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Mays v. Sprinkle

United States District Court, W.D. Virginia, Roanoke Division

November 16, 2018

JEFFREY A. MAYS, Administrator for the Estate of DAVID WAYNE MAYS, deceased, Plaintiff,
v.
RONALD N. SPRINKLE, et al., Defendants.

          MEMORANDUM OPINION

          Hon. Glen E. Conrad Senior United States District Judge.

         David Wayne Mays ("David") died at Carilion Roanoke Memorial Hospital on July 28, 2016, after being arrested in Botetourt County. Jeffrey Mays, David's brother and the administrator of his estate, subsequently filed this action against the Sheriff of Botetourt County, Ronald Sprinkle, and eight of the Sheriffs officers, asserting claims under 42 U.S.C. § 1983 and Virginia law. The case is presently before the court on the defendants' motion to dismiss. For the following reasons, the plaintiffs claims under § 1983 will be dismissed pursuant to Federal Rule of Civil Procedure 12(b)(6). The court will decline to exercise supplemental jurisdiction over the state tort claims.

         Background

         The following factual allegations, taken from the plaintiffs amended complaint, are accepted as true for purposes of the pending motion. See Erickson v. Pardus, 551 U.S. 89, 94 (2007) ("[W]hen ruling on a defendant's motion to dismiss, a judge must accept as true all of the factual allegations contained in the complaint.").

         On July 25, 2016, one of Sheriff Sprinkle's deputies found David asleep and slumped over the steering wheel of a parked vehicle. Am. Compl. ¶ 16, Dkt. No. 25. The deputy observed a bag of prescription medication next to David. Id. David eventually awoke and advised the deputy that he had taken gabapentin and alprazolam.[1] Id. The deputy noted that David's speech was slurred, that his eyes were bloodshot, and that he had difficulty standing up and staying awake. Id. David was charged with profane swearing and public intoxication. Id. He was ultimately "released on his own recognizance, as he was sober enough to leave under his own power." Id. David did not undergo any form of medical evaluation and his prescription medication was not confiscated. Id.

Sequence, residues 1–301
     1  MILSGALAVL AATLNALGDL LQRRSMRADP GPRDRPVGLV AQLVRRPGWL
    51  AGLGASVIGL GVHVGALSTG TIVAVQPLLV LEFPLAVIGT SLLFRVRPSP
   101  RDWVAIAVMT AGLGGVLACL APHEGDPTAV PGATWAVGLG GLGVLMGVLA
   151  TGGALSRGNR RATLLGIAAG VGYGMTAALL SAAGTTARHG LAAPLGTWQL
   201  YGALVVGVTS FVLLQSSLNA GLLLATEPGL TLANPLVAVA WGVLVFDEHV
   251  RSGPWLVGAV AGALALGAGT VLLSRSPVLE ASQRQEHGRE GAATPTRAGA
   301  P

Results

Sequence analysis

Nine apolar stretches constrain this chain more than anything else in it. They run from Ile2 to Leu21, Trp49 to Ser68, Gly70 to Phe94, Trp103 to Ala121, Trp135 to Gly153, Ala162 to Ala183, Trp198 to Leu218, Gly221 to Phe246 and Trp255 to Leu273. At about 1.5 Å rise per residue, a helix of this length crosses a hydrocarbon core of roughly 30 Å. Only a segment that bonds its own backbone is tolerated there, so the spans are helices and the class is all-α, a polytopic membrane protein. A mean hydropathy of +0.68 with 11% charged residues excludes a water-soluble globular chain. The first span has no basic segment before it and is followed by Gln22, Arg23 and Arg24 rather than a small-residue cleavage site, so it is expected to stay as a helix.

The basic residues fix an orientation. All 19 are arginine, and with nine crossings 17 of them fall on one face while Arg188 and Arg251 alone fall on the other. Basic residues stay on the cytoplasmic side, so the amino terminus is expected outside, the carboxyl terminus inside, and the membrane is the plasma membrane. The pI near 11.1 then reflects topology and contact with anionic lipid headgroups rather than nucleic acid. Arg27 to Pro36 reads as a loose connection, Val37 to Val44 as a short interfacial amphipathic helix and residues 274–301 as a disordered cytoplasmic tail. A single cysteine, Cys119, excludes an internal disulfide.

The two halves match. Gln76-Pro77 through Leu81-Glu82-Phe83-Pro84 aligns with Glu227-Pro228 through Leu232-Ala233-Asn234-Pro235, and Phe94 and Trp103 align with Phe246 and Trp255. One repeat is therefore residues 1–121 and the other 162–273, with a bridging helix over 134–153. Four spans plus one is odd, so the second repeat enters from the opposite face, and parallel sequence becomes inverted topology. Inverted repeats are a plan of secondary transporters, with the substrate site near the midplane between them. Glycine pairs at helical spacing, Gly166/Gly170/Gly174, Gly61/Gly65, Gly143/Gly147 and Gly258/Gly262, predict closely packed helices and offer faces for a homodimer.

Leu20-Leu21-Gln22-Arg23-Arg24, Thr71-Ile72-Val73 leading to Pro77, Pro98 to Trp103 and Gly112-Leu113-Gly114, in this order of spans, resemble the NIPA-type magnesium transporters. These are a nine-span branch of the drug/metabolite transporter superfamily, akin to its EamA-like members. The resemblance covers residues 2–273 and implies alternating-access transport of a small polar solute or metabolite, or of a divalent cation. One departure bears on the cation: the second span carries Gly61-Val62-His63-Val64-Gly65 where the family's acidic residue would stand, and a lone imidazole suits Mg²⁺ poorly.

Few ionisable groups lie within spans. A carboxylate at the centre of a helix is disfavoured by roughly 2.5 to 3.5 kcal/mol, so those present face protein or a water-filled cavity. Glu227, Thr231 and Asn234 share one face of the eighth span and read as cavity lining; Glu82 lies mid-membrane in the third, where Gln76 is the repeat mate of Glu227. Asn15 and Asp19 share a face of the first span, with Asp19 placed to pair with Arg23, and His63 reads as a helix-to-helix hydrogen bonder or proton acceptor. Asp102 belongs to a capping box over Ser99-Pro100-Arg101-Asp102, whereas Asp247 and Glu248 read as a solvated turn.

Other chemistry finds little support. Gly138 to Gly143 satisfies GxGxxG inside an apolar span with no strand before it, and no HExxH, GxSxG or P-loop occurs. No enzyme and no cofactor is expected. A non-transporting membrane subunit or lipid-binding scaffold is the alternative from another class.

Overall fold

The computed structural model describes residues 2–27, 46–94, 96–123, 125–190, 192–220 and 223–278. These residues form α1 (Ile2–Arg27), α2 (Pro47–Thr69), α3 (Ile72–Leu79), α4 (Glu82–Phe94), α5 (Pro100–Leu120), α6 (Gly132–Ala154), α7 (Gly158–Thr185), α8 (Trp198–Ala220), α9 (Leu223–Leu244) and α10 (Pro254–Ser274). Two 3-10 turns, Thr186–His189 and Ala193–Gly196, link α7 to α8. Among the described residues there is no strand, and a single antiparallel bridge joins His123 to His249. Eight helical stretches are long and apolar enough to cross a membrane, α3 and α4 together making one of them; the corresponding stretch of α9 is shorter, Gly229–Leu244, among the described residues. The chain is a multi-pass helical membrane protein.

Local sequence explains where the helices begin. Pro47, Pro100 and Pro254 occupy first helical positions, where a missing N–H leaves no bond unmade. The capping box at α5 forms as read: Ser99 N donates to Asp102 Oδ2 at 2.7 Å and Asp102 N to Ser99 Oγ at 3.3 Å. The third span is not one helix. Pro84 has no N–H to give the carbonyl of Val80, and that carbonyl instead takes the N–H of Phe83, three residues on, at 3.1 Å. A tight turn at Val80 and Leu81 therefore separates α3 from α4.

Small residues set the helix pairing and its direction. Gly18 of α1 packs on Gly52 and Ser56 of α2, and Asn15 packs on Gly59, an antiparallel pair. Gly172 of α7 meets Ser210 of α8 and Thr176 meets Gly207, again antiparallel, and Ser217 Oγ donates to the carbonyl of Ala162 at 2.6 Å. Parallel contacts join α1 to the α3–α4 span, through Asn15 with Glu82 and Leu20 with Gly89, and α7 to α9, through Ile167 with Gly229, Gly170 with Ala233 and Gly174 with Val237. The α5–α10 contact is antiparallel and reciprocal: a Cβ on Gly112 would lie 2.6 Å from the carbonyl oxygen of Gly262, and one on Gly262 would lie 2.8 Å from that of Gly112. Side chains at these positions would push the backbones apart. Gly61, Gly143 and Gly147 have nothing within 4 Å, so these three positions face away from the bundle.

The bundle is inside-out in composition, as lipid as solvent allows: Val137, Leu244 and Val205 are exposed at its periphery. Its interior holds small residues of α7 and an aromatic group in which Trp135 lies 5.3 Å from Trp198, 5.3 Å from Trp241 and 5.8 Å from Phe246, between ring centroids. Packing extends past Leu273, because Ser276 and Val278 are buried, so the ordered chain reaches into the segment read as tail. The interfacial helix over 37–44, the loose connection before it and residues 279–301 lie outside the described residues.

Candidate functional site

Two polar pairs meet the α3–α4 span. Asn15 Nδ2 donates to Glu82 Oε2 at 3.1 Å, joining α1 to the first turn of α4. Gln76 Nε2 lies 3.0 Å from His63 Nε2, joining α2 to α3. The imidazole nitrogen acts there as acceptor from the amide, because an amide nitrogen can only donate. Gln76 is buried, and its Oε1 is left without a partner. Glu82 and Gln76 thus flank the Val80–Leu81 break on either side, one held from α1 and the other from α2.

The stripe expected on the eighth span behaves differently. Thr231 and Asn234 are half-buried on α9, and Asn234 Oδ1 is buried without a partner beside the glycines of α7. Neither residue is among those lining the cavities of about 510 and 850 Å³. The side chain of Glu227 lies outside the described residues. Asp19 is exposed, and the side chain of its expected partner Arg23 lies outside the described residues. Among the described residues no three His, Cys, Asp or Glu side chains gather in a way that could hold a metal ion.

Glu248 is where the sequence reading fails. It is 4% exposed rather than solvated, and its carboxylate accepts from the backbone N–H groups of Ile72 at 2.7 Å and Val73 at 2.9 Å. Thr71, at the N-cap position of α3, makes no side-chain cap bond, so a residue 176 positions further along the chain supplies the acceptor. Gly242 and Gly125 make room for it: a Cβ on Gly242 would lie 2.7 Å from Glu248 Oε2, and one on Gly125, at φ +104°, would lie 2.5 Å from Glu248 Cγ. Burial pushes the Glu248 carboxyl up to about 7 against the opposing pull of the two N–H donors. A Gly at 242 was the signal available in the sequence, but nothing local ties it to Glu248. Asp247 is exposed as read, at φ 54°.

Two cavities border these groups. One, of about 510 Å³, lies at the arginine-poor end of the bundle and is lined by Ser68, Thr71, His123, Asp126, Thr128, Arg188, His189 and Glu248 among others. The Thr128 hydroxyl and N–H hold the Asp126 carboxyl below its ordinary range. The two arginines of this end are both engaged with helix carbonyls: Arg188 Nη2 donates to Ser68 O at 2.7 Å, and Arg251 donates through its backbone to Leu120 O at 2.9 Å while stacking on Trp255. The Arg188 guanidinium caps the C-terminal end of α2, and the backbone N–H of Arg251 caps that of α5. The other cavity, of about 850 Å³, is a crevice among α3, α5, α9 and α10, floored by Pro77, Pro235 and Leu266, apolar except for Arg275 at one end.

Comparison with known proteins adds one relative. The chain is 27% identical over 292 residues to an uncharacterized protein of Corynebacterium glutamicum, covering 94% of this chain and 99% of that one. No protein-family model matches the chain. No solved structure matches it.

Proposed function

The next day, David's mother called 911 and requested medical assistance. Id. ¶ 20. She advised the dispatcher that David "had consumed alcohol and prescription narcotics," that he was "extremely intoxicated," and that she needed help removing him from a vehicle. Id. Deputy Daniel Faulkner arrived on the scene to find David sitting in the cab of his truck. Id. ¶ 21. The plaintiff alleges that David was "so intoxicated he could hardly lift his head to communicate." Id. David's eyes were bloodshot, his speech was mumbled and slurred, and his gait was unsteady upon exiting the truck. Id. He subsequently "lay himself down in the bed of the pickup truck despite it being full of water." Id. ¶ 25. Deputy Joshua Golla "was present at the rear of the truck and witnessed [David's] level of intoxication and the surrounding circumstances." Id. ¶ 22.

         David was once again arrested for public intoxication. Id. ¶ 19. At some point during the arrest, Faulkner noticed "a bag full of multiple prescription narcotics to the right of where [David] was seated." Id. ¶ 23 (internal quotation marks omitted). The bag contained a bottle of gabapentin capsules which had been prescribed on July 23, 2016, and a bottle of citalopram capsules which had been prescribed on July 7, 2016.[2] Id. The plaintiff alleges that 91 capsules of gabapentin and all 30 capsules of citalopram were unaccounted for. Id.